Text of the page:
Letter to the Editor: Students Need Sleep
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Sleep is a constant cycle, which occurs every 90 minutes as we fall into REM (rapid eye movement) sleep and NREM (non-rapid eye movement) sleep. This constant alternating cycle is an important way to rejuvenate and keep the body healthy. At least eight hours of sleep is recommended by doctors; however, for students at NHS they are sleep deprived.
Students become owls, awake until midnight or all night to finish homework, projects, or to study. Unfortunately, the following day students come to class sleepy, exhausted, unmotivated and unfocused. Sleep is crucial and mandatory for high school students to actively participate in the classroom.
In a study done in Britain, 900,000 children worldwide were examined for sleep deprivation. According to David Barnett, the shocking results revealed that America was the number one country with the most sleep deprived students in the world.
Nationwide, 75 percent of schools start before the suggested time of 8:30 a.m. For parents and students, getting ready for school is always a hassle. Teen-agers often have one or more alarm clocks set for the morning, or their parents become personal alarm clocks. According to the CDC, two out of every three students sleep less than eight hours a day. Affecting the student’s academic performance, health and safety. According to Danny Lewis, consequences exist to sleeping later at night. Without at least eight hours of sleep, students are often negatively affected: becoming overweight, physically inactive, develop depression, and start the abuse of drugs and alcohol.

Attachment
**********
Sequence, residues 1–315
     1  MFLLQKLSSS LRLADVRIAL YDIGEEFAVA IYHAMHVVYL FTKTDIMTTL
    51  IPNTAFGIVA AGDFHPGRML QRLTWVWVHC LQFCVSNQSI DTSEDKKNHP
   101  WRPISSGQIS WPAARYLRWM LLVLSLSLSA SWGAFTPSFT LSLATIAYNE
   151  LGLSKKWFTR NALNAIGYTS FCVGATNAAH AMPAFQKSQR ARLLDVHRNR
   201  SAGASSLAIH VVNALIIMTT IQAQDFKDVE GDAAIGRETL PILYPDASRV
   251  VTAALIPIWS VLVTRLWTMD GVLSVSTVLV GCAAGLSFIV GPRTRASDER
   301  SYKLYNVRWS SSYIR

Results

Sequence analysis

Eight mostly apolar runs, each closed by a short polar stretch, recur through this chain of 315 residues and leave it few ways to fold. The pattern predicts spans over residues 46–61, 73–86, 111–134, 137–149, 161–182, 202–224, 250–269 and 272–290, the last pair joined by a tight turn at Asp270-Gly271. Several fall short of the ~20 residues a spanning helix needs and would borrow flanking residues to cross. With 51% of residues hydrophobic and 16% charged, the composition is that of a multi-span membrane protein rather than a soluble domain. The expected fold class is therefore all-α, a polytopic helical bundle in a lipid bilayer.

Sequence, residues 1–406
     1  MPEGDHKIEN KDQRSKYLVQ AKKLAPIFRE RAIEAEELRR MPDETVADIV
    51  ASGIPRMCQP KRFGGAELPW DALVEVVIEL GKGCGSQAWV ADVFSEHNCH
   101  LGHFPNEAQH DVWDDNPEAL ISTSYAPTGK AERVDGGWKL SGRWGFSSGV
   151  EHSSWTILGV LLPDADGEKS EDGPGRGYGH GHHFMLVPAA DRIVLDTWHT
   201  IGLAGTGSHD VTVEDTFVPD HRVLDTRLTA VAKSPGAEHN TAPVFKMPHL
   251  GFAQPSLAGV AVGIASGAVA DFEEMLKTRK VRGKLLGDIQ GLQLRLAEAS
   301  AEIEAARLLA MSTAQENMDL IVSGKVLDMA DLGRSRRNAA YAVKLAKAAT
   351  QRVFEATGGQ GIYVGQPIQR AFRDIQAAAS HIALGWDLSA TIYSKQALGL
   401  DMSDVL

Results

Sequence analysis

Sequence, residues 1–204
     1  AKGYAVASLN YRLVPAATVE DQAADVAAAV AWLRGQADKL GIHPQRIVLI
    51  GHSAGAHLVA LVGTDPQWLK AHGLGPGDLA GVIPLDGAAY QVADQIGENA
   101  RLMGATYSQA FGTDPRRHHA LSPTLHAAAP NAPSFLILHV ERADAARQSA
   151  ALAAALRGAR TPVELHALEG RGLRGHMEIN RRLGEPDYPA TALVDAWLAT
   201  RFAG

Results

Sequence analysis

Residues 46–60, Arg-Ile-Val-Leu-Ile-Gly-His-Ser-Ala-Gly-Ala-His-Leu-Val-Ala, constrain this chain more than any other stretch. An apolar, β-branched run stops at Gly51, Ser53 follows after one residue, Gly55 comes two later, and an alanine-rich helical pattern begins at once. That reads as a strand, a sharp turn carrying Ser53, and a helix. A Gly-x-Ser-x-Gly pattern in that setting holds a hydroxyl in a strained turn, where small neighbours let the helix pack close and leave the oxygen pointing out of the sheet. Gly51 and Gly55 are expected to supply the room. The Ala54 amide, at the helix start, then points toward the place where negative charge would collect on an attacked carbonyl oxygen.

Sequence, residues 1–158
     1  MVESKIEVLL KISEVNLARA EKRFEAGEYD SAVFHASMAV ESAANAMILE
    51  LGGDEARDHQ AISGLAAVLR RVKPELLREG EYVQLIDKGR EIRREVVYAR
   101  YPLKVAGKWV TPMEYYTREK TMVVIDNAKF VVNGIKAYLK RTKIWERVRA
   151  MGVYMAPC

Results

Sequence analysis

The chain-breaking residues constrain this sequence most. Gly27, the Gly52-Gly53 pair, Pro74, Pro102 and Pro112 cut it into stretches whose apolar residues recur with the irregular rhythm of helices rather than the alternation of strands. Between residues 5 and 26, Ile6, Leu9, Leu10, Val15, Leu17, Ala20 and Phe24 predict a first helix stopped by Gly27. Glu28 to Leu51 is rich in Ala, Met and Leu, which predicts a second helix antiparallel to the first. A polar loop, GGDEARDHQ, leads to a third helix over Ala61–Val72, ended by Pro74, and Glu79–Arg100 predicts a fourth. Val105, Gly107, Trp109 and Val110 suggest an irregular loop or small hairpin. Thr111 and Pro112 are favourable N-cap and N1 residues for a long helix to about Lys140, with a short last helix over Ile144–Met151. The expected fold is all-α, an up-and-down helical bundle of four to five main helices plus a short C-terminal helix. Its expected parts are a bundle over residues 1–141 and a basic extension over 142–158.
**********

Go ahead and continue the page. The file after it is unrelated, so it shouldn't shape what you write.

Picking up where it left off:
Currently, schools are struggling with stressed and sleep deprived students which has become a great epidemic in America. At NHS, students can be seen walking the halls as exhaustion seeps from their tired faces, or unfocused because of juggling school, after school activities, and managing their nocturnal life. According to Alexandra Ossola, it takes about three hours or more to work on homework and with pressure to do well in school students are staying up later. In order to enhance any students’ academic ability in school, we need at least eight hours or more of sleep.
Sleep is mandatory for students, especially those in high school and middle school who require more. In order to receive the required amount: students should try sleeping more early, diligently work on homework or projects earlier, but most importantly school start times should be pushed back. There are so many benefits by pushing back school time. All of this mentally, emotionally and physically plays a huge factor to the student’s mindset and actual ability to perform well in school.
BaJie Vang, senior